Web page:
This is first installment of "The Guardians of Mother Earth," an exclusive four-part series examining the Indigenous U'wa struggle for peace in Colombia.
On September 23, 2015, in the Palace of Conventions in Havana, Cuba, his excellency Juan Manuel Santos, the President of the Republic of Colombia, and Commander Timoleon Jimenez, Chief of General Staff of the Revolutionary Armed Forces of Colombia, signed an agreement on transitional justice and reparations to the victims of the country's 51 year old civil war, resolving one of the final points in the country's peace negotiations.
“We are adversaries, we come from different sides, but today we move in the same direction,” said President Santos, “this noble direction that all societies can have, is one of peace.”
In a show of unity, the warring parties all wore white-collared shirts without ties, as they sat on opposite sides of the brown mahogany tables encircling an artificially bright-green shrubbery arrangement. Around the room’s perimeter stood a throng of reporters, crowded together behind a red rope line, snapping photos of the historic handshake between the president and the leader of the country's largest guerrilla army. A prolonged war that has killed more than 260,000 people and victimized and displaced seven million more seemed to be drawing to an end.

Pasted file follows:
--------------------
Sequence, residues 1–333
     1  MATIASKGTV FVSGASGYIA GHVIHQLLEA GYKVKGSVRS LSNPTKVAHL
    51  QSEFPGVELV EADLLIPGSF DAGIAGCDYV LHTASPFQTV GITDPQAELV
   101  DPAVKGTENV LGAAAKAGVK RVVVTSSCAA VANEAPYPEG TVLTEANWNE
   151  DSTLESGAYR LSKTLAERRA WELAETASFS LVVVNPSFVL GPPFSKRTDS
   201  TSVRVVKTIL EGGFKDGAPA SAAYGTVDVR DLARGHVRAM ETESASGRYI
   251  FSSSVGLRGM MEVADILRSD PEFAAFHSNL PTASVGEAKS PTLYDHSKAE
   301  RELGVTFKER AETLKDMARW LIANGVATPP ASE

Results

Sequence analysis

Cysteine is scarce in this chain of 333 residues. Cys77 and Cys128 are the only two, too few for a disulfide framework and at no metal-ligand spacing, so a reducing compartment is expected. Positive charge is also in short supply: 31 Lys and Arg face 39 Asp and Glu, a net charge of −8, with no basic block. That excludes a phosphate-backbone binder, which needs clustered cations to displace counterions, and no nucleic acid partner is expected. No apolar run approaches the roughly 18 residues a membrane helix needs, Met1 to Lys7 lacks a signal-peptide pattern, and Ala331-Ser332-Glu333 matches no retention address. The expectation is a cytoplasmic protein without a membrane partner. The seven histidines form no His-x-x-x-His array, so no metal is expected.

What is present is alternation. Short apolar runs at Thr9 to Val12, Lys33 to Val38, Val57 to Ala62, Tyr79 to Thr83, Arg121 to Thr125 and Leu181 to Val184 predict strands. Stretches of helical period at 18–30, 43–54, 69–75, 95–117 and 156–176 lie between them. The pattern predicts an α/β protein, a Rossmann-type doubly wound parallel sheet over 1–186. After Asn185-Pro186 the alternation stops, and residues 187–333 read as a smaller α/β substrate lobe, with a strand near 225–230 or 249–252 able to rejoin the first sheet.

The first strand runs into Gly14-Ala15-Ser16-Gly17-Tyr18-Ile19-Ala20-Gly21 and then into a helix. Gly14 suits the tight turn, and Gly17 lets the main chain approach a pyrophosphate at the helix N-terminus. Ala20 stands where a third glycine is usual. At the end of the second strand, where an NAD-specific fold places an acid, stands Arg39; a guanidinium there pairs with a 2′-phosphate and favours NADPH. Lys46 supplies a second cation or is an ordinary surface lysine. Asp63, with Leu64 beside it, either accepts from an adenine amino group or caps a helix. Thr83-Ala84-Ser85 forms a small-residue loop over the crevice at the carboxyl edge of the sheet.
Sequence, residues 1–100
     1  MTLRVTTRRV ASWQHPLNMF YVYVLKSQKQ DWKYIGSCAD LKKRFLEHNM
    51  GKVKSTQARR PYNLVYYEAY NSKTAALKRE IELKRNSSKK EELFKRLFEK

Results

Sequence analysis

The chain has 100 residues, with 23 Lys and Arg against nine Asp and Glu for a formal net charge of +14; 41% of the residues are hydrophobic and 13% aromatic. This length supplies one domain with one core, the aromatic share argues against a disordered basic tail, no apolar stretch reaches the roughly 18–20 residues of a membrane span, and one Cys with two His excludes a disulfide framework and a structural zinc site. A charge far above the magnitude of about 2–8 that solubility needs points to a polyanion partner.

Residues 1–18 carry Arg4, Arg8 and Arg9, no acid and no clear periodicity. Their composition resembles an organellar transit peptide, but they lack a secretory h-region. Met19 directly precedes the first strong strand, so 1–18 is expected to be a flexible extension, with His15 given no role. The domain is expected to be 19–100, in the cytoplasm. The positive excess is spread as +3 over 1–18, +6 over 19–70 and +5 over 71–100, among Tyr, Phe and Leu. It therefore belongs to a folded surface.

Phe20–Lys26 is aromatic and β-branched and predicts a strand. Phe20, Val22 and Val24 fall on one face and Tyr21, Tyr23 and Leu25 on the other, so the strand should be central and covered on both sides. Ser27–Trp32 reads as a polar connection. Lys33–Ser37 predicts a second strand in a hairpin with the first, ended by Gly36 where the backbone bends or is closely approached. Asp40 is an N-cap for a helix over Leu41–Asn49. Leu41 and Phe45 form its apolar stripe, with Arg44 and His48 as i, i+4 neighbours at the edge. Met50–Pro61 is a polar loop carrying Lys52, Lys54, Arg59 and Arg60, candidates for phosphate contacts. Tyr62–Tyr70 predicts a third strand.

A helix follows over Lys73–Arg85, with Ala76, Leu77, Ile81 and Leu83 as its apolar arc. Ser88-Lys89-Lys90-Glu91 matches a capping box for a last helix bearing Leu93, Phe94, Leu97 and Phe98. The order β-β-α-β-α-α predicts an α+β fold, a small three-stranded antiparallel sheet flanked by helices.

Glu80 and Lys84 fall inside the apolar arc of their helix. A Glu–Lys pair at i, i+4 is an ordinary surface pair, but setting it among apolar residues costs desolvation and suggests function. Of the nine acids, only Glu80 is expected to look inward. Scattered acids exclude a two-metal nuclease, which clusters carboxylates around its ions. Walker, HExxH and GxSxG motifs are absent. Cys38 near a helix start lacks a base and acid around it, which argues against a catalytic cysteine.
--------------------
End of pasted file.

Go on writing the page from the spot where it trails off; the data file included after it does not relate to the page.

Among the victims of the conflict are the Indigenous Peoples of Colombia. Of the 102 tribal nations in existence today more than half are at risk of disappearing – forced displacement and mining on indigenous territory during the armed conflict have contributed heavily to the widespread demise.